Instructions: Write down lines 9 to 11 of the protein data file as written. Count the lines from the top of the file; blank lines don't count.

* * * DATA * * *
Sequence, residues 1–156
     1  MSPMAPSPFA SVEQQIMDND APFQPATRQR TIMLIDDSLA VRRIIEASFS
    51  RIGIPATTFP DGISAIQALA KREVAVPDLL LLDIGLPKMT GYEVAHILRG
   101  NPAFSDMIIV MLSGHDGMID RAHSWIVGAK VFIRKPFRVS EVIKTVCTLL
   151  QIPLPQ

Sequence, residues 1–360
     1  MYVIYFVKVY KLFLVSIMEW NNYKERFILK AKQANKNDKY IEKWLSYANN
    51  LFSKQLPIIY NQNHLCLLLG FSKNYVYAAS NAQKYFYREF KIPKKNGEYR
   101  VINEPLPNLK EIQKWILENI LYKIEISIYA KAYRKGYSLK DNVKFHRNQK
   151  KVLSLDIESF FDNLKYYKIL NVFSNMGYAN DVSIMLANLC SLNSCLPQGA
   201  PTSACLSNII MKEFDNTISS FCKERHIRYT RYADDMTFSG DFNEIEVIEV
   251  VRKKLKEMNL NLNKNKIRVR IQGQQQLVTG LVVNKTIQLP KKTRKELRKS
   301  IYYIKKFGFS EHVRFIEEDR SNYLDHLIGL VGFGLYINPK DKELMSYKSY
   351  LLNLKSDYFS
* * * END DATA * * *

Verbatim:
   101  VINEPLPNLK EIQKWILENI LYKIEISIYA KAYRKGYSLK DNVKFHRNQK
   151  KVLSLDIESF FDNLKYYKIL NVFSNMGYAN DVSIMLANLC SLNSCLPQGA
   201  PTSACLSNII MKEFDNTISS FCKERHIRYT RYADDMTFSG DFNEIEVIEV